seasonal changes in the planting. We agreed that understanding how these stakeholdersused their information would help us to create a set of data elements that could becollected systematically at the time the images are uploaded. This is just one smallexample of the level of detail that we are engaged with at the sites.The three courses will be offered again in the next academic year and the case studies andproject evaluations will be completed after that. Shaping this year’s project has beenchallenging as we attempt to ensure that the students have an opportunity to engage withissues of digital asset management, needs assessments, and day-to-day operations.So where are we, and where is the issue of convergence, in the larger picture of libraryand information science programs? We are currently one of 11 ALA-accredited schoolsoffering some type of career track in cultural heritage. The discussions that arose inSarasota have borne considerable results and numerous approaches to such programs. AtSimmons we already have a strong archives and preservation management program andthe new courses fit well with our existing strengths.My colleagues at the other schools continue to discuss how we can best serve what is stilla somewhat amorphous area of practice. Robert Martin’s comments about the importanceof the “preparation of personnel – shared backgrounds, values, ethics & mutually heldperspectives” pointed us in our current direction. We have much more to do.At Simmons we believe that the program we are developing will fill a definite need in ourcommunity, that we are offering courses that are not part of the typical museum studiesprogram, and that as a next step we will broaden our outreach to include continuingeducation for practitioners in under-resourced collections.This has been a very exciting project for me to work on and I will be glad to tell youmore about it as we continue to grow and evaluate our results. We see this very much as awork in progress. Our students this semester are building models for future projects andour partner sites are engaged in continuing to define the projects’ goals and scope.Going forward I hope that we can find a new, less agricultural, defining metaphor. Silosafter all, are designed to contain only one thing, to exclude air, and presumably todiscourage anything so indelicate as “cross-fertilization.” Some silos live in closeproximity to each other, some are off in isolation by themselves, some are not flourishingand are in need of propping up. Some are already falling down. If we want to developprofessionals who can work and communicate laterally across or through the silos thatare libraries, archives and museum organizations then it may indeed be time to changethe metaphor – after all, we don’t want to tear the silos down, we want to open them upand let some air in so we can learn from each other. So let’s look to the future with some new images – perhaps umbrellas… or what about abig tent…no, that leads to images of the three-ring circus…maybe the peaceable kingdom(back to LAMS and now lions too)? Or, maybe just herding cats?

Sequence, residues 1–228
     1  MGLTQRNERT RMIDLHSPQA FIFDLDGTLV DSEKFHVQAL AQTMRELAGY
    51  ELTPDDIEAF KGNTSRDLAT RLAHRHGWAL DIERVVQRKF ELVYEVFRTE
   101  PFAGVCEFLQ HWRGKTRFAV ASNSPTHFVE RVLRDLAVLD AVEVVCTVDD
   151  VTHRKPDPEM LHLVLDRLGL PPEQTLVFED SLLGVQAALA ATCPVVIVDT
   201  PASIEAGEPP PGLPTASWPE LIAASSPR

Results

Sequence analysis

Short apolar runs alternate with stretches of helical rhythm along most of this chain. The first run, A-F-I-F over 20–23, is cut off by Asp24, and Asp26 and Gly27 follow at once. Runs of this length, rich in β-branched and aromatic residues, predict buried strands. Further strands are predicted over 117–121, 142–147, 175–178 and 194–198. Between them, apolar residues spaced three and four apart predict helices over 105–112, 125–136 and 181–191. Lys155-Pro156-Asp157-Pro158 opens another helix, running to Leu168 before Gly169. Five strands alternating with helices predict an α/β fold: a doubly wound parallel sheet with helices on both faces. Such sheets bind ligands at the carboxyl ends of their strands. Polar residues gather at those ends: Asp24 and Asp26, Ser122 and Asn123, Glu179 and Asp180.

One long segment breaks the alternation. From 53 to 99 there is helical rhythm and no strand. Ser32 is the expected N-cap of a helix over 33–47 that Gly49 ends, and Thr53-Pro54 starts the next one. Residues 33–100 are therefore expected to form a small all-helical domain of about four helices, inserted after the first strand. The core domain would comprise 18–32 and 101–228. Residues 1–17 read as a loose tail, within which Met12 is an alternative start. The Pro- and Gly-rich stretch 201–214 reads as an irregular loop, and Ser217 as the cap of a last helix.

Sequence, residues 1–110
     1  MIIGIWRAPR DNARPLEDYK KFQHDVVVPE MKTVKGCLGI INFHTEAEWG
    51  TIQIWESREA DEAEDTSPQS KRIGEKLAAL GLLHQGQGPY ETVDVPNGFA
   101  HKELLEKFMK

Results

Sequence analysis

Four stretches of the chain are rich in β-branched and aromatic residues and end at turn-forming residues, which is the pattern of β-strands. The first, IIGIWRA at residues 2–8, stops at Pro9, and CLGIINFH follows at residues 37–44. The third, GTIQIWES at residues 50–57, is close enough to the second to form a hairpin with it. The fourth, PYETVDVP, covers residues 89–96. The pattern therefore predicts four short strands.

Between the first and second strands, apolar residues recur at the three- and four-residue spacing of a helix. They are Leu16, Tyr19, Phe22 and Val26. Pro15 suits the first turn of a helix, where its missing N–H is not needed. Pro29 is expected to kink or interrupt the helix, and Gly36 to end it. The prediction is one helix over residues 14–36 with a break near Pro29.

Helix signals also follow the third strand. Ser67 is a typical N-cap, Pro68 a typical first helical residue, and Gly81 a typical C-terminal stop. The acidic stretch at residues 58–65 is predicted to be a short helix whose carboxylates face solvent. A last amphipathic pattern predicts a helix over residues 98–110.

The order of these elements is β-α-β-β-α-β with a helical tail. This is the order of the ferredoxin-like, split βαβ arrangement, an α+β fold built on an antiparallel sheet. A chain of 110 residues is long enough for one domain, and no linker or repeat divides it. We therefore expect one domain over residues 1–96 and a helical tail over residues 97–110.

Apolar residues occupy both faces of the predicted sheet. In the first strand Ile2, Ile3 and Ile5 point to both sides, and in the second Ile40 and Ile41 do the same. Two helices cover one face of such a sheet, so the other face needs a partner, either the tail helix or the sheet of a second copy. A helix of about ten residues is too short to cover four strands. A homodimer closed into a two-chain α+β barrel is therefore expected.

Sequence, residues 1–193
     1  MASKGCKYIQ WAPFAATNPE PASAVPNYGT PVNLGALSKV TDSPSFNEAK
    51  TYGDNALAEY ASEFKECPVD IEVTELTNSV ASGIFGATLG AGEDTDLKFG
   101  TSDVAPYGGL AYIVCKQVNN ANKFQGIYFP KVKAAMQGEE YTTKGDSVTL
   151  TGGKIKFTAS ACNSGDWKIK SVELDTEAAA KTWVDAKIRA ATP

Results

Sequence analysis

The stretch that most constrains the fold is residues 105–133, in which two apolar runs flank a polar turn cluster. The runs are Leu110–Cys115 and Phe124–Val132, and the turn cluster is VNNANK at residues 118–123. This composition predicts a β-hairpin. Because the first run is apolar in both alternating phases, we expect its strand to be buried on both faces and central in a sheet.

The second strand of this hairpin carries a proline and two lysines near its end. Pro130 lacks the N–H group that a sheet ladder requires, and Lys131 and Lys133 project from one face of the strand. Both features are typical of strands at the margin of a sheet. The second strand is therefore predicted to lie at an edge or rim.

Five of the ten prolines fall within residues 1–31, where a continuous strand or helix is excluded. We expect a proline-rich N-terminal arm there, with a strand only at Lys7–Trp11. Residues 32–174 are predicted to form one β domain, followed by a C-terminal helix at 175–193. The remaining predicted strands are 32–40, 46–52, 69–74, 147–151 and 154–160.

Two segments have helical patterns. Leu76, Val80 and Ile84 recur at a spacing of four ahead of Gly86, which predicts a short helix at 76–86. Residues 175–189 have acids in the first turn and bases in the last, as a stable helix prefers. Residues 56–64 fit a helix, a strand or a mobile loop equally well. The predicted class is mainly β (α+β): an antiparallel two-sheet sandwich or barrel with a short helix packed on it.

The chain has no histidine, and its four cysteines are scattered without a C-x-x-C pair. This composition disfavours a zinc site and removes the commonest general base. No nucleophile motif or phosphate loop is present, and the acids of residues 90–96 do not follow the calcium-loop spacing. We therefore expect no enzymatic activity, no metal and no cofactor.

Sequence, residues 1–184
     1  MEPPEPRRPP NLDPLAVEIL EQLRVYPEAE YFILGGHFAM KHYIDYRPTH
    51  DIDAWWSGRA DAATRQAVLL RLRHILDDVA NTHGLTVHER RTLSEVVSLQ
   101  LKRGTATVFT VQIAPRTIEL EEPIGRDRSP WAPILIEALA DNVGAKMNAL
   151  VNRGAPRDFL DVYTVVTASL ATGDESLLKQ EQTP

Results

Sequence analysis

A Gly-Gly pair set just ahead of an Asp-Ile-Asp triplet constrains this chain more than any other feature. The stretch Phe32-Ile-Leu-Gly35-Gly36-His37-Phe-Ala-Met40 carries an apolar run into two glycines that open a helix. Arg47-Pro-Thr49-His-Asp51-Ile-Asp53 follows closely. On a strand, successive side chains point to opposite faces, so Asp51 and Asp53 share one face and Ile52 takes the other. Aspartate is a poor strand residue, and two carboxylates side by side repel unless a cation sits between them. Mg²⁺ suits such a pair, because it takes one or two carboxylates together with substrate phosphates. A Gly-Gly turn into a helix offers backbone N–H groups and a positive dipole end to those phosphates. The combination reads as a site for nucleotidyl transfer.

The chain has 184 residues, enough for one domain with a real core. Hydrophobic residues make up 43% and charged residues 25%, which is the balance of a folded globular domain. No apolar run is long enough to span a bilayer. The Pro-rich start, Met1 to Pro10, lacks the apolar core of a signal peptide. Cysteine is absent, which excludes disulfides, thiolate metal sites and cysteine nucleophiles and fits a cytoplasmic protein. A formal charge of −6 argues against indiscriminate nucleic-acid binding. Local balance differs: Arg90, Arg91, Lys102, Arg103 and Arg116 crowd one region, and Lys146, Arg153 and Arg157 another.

Well, I will leave it to you. For myself, I’m going to stick with trying to infiltrate the silosof practice by training a new and unbiased generation who will easily move laterallyacross and among the documents of our cultural heritage.Words of wisdom from my mother: “Get ‘em young and train ‘em”AcknowledgementsSpecial thanks to the 4Cs Team at Simmons GSLIS:Jeanette Bastian, Michele Cloonan, Ross Harvey, Terry Plum, Kathy Jones, MargaretHanni, Rebecca Meyer and David Scherer, Molly Duggan and Mary BennettThe students of LIS 531V, LIS 531W and LIS 531XAll our friends and colleagues at the partner sitesAnd especially the Institute for Library and Museum ServicesContact informationMartha R. MahardProfessor of PracticeSimmons GSLIS300 The FenwayBoston, MA 02115 mailto:email@example.com